There were so many car companies in North America and Europe during the first few decades of the twentieth century there could be a few you haven't heard of. Then again, if you're a vintage automobile enthusiast then perhaps you have heard of some of these classic but not exactly household names.
It is a fact that when Henry Ford introduced his Model T there were over 170 companies already in or preparing to get into the automobile business. This was a time that the debate ensued of what was better...the horse carriage or the motorized vehicle? Horse proponents complained that the new automobile could and often would spook their teams. An automobile club in California suggested that horses be educated about the motorized vehicle. They suggested that an automobile be stationed near to the horses on a regular basis to allow the horse teams to get familiar with the sight of a car.
City names like Detroit Michigan and South Bend Indiana obviously have a rich automotive history but during the infancy of the auto business cars were being produced in places like Springfield Massachusetts, Anderson Indiana, Los Angeles California, Chicago Illinois, Elizabeth New Jersey, Jersey City Michigan, Cleveland Ohio, Stamford Connecticut, Newburyport Massachusetts and many other locales.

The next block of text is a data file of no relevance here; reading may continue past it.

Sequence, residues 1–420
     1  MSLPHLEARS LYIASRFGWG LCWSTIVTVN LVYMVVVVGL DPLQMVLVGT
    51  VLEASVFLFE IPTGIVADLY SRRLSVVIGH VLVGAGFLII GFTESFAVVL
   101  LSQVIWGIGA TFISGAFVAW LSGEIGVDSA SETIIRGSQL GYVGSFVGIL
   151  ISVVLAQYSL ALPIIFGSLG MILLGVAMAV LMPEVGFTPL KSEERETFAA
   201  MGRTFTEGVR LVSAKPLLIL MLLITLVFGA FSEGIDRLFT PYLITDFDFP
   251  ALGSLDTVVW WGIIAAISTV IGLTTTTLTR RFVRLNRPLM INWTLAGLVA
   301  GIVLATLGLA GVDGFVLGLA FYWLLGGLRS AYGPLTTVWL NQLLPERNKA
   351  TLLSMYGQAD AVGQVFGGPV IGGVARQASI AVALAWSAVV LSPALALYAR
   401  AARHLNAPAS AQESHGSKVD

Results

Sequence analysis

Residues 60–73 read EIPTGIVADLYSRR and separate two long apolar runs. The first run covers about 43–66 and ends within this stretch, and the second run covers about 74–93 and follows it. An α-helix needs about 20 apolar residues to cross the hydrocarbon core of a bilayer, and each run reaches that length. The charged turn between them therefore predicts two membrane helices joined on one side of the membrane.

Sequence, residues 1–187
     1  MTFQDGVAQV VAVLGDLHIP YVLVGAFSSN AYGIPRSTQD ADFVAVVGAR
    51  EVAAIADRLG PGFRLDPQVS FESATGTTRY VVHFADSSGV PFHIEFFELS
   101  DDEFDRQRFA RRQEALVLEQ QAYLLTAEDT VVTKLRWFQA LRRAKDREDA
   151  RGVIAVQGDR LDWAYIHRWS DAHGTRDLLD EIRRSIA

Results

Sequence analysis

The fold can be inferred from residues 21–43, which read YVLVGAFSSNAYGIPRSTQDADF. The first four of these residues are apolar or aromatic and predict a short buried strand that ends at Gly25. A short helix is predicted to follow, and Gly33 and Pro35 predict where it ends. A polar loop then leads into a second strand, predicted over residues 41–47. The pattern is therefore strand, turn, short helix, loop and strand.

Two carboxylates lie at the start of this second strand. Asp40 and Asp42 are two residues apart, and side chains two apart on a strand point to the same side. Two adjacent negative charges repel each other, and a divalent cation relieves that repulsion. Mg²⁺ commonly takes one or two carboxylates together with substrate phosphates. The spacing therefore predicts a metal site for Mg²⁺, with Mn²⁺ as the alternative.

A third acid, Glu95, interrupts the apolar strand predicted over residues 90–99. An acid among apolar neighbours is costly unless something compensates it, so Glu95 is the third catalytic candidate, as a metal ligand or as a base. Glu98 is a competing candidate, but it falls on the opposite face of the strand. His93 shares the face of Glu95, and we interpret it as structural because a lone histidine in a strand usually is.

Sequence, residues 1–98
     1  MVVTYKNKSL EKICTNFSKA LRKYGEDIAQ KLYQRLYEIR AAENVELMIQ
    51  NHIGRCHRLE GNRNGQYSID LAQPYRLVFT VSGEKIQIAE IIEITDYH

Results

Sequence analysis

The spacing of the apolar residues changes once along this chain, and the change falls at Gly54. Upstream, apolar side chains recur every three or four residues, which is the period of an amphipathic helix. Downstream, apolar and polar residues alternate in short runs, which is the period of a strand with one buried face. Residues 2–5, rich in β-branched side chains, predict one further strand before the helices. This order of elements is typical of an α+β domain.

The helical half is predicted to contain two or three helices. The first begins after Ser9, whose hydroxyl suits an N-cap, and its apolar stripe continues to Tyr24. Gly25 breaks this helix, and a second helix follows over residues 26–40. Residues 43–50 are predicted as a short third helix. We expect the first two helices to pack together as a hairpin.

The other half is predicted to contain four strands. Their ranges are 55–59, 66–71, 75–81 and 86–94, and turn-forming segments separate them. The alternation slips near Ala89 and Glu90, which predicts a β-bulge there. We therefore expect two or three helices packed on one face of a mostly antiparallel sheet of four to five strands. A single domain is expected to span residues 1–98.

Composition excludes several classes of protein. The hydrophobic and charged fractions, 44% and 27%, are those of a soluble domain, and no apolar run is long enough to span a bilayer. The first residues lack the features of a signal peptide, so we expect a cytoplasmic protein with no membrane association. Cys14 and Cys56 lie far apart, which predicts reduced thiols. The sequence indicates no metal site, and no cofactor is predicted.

When Henry Ford was first building cars in Detroit there were companies in towns big and small all over the country who were doing, or attempting to do, the same thing. Most of these companies disappeared...some from bankruptcy...others from mergers. It's interesting however that some of these early rare nameplates actually survived into the mid 1900's.
Below are some rare marquee names that you may not have heard of...
Designed and built by Frederick Lanchester, the first cars were built as experimental models in the late 1890's. The second of these cars built won a gold medal in 1899 for running a distance of 68 miles at an average speed of 26 MPH. The Lanchester Motor Company Ltd. was a British automaker.
The first of the Lanchester's had air cooled engines and delivered about 10 horsepower. T The 1905 Lanchester was priced new at about $750. This was pretty much in line with what Ford was charging at the time but Ford prices would drop dramatically with the introduction of the mass assembly line in 1913.
During the Great Depression, many other luxury automakers like Lanchester were going through rough times. The company was liquidated in 1931 and acquired by Daimler.
A luxury 1931 Lanchester model would be priced in the range of $1,400. A standard 1931 Ford might have sold new for about $500 with it's luxury town car selling for about $1,200.
Lanchester's would be built until 1956.
This American automaker was based in Mishawaka Indiana. The American Simplex cars were not your ordinary automobile. They were designed very well and were expensive. They were built from 1906 to 1915 by the Simplex Motor Car Company. The company's first founders went bankrupt in 1907 but the assets were acquired by a new investor.